Hershey kept busy in his old age with these investments and others things. He opened the doors of his mansion for the country club. He continued having business lunches with his managers, keeping close tabs on the company he founded. He still made regular appearances in the experimentation grounds at the factory. His nurses listened to many stories about his youth and his time with Kitty. On his 80th birthday, 6,000 Hershey's employees threw him a party at the arena, complete with a 3-foot-tall cake, four local bands, flowers, speeches and the children from his school.
Time finally caught up to Milton S. Hershey on October 13, 1945, when he died of a heart attack at 88. He died at the Hershey Medical Center a year after retiring from the board, and he is buried next to his parents and wife in the cemetery of the town that bears his name.
Before he died and without public fanfare, Hershey had willed the vast majority of his wealth to the Milton Hershey School through the Hershey Trust. Thanks to the stock shares and assets, the school is one of the wealthiest in the world. Its 1,300 students and staff enjoy about $66 billion in assets for its programs. More than for the huge company he built — with its nearly 14,000 employees and $4 billion annual sales — or for his personal riches, M.S. Hershey's legacy will endure through things such as his school. After all, this was a man who often proclaimed, "Business is a matter of human service." His public projects, his philanthropies and the true community he built all serve as lasting reminders of that conviction.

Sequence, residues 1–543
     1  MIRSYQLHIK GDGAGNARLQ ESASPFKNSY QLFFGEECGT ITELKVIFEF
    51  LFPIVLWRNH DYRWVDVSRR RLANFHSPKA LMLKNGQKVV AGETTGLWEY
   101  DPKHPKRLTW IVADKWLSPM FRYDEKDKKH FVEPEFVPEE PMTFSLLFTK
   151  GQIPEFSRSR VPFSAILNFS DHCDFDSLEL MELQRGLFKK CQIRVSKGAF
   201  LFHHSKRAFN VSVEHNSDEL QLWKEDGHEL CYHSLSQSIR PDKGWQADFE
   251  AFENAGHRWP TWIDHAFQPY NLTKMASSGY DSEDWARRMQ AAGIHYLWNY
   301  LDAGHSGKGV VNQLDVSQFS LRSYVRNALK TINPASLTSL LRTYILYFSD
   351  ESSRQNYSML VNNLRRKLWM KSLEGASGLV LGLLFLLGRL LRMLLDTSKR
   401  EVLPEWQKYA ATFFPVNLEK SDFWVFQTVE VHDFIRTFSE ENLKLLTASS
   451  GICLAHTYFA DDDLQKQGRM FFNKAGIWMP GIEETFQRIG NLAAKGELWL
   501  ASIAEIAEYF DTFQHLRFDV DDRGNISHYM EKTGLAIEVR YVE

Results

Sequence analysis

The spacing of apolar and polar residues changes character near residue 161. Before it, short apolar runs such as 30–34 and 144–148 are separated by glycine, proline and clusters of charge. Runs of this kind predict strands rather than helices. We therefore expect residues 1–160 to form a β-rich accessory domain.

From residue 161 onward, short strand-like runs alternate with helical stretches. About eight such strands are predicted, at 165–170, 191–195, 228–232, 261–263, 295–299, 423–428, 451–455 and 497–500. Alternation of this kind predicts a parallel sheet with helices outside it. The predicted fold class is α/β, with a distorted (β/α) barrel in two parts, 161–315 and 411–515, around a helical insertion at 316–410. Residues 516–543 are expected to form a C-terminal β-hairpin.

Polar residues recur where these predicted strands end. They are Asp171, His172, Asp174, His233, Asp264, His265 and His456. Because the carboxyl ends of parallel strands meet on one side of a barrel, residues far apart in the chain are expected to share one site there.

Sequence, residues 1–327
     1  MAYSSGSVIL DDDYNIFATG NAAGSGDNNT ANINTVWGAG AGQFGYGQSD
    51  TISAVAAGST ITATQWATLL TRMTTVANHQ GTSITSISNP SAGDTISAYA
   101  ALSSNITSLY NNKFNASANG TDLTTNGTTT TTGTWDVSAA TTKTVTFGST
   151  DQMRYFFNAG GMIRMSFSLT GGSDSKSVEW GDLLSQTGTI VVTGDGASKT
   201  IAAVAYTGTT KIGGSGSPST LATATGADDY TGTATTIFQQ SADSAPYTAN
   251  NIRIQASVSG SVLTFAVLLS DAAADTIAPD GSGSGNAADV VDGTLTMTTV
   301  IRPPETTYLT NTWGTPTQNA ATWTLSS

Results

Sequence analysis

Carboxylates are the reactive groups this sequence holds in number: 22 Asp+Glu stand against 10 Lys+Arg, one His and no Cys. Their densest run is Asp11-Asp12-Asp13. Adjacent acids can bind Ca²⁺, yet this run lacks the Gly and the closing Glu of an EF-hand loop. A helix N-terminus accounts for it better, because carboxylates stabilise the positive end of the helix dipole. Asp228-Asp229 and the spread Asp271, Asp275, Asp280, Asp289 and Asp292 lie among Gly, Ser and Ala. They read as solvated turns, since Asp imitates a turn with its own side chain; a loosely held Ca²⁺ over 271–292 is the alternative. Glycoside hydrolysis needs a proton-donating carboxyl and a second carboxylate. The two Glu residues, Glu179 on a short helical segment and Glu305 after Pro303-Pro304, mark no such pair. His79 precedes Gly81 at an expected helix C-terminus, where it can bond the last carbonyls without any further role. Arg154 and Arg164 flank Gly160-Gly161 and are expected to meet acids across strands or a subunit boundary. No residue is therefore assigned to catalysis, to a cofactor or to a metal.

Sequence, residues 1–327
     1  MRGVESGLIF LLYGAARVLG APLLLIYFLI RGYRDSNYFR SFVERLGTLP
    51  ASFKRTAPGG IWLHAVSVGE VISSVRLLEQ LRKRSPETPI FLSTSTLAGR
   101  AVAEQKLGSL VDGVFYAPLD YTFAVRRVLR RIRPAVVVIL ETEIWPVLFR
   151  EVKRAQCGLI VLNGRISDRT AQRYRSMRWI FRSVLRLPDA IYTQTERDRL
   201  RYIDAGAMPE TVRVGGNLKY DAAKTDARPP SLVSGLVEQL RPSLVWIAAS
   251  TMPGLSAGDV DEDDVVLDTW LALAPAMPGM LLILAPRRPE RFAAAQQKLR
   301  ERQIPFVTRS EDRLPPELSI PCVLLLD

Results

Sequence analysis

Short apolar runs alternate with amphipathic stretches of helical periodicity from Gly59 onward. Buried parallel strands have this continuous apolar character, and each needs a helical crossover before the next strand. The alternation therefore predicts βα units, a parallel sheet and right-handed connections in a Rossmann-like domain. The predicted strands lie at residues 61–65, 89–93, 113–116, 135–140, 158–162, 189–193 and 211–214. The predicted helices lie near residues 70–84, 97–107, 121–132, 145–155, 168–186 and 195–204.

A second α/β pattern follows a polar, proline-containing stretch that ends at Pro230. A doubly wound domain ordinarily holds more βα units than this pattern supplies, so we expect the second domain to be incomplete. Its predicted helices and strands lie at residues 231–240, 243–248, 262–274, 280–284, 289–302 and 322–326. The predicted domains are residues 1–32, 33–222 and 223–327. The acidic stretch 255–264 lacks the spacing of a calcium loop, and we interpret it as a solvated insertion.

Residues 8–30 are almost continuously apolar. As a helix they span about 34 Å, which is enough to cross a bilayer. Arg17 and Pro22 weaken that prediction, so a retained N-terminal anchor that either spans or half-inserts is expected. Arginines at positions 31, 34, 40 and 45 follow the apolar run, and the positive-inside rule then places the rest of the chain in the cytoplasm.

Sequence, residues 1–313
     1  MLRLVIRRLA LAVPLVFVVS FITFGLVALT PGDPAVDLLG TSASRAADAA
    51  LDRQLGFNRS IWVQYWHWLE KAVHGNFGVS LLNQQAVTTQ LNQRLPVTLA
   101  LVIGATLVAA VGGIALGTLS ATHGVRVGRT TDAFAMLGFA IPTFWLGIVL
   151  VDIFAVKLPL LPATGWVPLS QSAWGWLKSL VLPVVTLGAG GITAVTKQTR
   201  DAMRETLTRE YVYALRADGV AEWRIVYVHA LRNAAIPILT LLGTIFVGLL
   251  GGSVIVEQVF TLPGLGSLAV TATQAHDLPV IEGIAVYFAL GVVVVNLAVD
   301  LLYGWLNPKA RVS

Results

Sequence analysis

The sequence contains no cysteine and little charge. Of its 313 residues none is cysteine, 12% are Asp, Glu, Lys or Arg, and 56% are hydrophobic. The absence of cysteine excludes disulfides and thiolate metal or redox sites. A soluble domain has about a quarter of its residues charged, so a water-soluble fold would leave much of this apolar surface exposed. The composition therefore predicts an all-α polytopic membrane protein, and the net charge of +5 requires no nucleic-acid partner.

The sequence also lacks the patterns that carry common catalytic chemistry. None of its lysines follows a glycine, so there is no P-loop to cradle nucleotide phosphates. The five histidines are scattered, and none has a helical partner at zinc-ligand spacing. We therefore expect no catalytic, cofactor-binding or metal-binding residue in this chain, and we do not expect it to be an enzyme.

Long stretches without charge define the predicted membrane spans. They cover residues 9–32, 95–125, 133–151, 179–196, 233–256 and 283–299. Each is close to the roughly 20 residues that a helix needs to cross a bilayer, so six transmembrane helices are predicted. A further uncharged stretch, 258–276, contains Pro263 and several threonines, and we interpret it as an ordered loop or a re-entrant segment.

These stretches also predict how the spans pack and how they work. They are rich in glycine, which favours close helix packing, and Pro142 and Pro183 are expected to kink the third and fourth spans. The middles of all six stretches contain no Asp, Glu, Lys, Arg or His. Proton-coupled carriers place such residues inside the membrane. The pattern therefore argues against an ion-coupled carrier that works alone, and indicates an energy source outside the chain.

The new era without the long-time leader brought new challenges for the Hershey's. The brand's different branches developed sometimes strained and confusing relationships among one another. The commercial enterprises grumbled over their ownership by the Milton Hershey School and its trust. Other candy giants, particularly Mars and Nestlé, posed new competitive challenges.
Even if fierce competition within the industry and internal problems slowed growth, Hershey seems to have risen to the challenges. The company recorded about $4 billion in sales in 2005, led in part by active development of new goods for the new century, such as candy for dieters and variations of old favorites. Times have changed dramatically since the business officially began operating under the Hershey name in 1894, but it has shown it can adapt. Perhaps still greater challenges lay ahead.